Full Wave Rectifier Tutorial
The waveform shows the input voltage (50 Hz AC in the UK). The voltages at points A and B on the transformer are changing in opposite directions. When A is increasing in a positive direction, B is increasing negatively. It is like the opposite ends of a see-saw.
During the first half cycle, A is positive and B is negative. D1 has positive on its anode, D2 has negative on its cathode. Both are forward biased. Current flows around the circuit formed by these diodes, the load and the transformer winding, as shown in the second diagram. The current flowing up through the load produces a pulse of voltage across the load as shown in the right hand waveform.
During the next half cycle, A is negative and B is positive. D4 has positive on its anode, D3 has negative on its cathode. Both are forward biased. Current flows around the circuit as shown in the bottom diagram, again flowing in the same direction through the load and producing another pulse of voltage.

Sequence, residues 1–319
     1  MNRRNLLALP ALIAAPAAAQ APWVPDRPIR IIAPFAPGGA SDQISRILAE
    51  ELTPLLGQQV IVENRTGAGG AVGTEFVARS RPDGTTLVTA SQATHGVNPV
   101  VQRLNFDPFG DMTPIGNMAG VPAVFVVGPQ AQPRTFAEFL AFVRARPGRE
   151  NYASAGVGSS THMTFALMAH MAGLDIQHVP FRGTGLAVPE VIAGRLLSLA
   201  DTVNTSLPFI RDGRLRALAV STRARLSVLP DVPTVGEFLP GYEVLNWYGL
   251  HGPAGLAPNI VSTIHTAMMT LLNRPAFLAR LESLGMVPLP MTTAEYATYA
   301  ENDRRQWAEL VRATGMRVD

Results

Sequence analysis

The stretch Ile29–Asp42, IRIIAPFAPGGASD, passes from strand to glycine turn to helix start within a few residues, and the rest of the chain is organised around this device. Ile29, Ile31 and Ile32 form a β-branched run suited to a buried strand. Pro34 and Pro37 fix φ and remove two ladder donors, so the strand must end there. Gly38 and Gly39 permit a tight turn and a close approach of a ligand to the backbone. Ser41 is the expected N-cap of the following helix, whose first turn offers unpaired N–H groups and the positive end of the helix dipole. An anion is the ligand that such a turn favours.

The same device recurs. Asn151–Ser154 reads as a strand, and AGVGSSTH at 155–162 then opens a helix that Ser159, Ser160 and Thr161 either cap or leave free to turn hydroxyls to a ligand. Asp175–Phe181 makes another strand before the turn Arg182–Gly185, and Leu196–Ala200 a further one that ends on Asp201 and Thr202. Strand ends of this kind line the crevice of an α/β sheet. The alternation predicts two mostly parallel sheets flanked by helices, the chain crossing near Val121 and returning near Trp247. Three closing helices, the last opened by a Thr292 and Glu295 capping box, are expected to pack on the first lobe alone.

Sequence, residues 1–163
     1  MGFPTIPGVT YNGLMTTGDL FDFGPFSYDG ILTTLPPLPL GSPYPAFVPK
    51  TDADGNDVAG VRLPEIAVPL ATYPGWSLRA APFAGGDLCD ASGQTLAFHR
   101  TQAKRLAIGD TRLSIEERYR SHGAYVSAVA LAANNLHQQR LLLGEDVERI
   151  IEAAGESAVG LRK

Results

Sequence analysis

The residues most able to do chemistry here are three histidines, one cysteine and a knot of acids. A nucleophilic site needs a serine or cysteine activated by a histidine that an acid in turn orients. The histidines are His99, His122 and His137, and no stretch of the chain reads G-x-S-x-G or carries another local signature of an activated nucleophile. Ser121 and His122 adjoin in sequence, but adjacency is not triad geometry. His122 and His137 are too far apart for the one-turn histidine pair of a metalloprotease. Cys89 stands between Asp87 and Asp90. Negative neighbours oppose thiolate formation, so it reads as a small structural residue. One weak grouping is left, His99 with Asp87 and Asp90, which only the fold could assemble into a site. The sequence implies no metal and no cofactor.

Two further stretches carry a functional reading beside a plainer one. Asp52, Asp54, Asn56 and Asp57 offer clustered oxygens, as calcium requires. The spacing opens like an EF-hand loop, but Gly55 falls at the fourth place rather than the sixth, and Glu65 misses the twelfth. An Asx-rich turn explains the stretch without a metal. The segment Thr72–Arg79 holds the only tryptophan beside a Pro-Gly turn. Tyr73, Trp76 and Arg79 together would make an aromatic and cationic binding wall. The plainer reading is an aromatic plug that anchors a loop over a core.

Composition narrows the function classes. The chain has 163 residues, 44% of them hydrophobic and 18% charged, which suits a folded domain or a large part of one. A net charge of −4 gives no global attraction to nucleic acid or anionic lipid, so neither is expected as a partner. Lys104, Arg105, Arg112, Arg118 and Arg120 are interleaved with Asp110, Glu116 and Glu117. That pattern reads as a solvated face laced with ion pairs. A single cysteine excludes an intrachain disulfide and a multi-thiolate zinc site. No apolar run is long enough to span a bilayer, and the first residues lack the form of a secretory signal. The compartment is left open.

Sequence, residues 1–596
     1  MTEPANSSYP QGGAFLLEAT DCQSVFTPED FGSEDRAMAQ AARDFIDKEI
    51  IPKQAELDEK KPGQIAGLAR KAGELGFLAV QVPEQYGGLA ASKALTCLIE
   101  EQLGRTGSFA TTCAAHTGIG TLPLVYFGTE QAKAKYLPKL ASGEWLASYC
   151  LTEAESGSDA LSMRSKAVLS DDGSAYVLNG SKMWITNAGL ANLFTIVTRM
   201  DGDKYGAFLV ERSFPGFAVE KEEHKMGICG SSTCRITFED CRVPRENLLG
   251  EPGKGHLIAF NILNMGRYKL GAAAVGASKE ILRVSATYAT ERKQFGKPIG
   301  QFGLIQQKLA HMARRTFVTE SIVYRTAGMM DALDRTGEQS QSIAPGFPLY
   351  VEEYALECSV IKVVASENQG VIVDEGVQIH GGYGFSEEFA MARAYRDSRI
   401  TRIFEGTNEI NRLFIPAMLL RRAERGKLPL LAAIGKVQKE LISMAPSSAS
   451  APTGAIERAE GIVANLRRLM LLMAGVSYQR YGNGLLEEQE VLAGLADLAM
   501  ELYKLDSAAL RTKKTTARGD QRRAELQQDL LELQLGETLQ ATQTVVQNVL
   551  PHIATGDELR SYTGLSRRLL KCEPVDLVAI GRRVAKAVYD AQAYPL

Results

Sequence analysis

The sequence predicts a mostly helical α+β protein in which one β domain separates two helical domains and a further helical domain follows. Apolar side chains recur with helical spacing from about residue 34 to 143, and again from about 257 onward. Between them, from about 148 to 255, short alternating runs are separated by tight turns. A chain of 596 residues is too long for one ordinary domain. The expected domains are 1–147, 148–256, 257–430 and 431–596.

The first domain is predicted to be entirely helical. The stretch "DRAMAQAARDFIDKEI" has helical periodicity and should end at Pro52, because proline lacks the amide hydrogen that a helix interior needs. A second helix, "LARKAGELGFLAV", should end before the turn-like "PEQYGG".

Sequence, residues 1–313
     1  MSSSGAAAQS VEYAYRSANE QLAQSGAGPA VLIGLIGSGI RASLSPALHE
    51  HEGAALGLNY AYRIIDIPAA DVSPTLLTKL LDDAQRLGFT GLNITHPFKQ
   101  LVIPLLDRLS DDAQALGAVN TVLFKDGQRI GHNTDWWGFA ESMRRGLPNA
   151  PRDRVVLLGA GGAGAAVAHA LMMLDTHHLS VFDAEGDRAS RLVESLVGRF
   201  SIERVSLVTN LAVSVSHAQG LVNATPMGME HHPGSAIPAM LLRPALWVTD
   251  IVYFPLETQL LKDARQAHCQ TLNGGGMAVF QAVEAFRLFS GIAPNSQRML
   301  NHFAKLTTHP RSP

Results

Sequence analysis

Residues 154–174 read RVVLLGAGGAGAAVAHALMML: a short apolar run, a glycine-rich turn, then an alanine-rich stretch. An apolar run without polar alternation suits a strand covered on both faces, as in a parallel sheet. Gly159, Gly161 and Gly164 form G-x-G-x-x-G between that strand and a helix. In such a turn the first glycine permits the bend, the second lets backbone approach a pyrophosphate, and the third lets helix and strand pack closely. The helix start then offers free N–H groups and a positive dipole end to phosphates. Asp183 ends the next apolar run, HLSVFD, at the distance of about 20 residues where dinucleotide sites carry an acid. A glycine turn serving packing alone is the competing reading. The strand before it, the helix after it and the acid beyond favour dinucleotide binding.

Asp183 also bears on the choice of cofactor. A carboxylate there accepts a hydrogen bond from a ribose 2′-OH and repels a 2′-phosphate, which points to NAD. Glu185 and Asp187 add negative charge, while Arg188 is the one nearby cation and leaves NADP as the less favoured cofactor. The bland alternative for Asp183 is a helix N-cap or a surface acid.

Since the full cycle is used this circuit is called a FULL-WAVE rectifier.
Since there are two pulses for each cycle of input, there are 100 pulses per second out (in the UK).
The pulsating DC can be smoothed with a reservoir capacitor, as in the half-wave rectifier circuit.
Since the pulse frequency is higher than that of the half-wave rectifier, it is easier to smooth.
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